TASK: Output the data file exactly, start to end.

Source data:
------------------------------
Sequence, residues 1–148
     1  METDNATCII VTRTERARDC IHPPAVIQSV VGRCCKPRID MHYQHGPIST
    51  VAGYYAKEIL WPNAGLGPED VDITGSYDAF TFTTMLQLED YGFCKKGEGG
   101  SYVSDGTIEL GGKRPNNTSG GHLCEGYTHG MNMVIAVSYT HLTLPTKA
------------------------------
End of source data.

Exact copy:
Sequence, residues 1–148
     1  METDNATCII VTRTERARDC IHPPAVIQSV VGRCCKPRID MHYQHGPIST
    51  VAGYYAKEIL WPNAGLGPED VDITGSYDAF TFTTMLQLED YGFCKKGEGG
   101  SYVSDGTIEL GGKRPNNTSG GHLCEGYTHG MNMVIAVSYT HLTLPTKA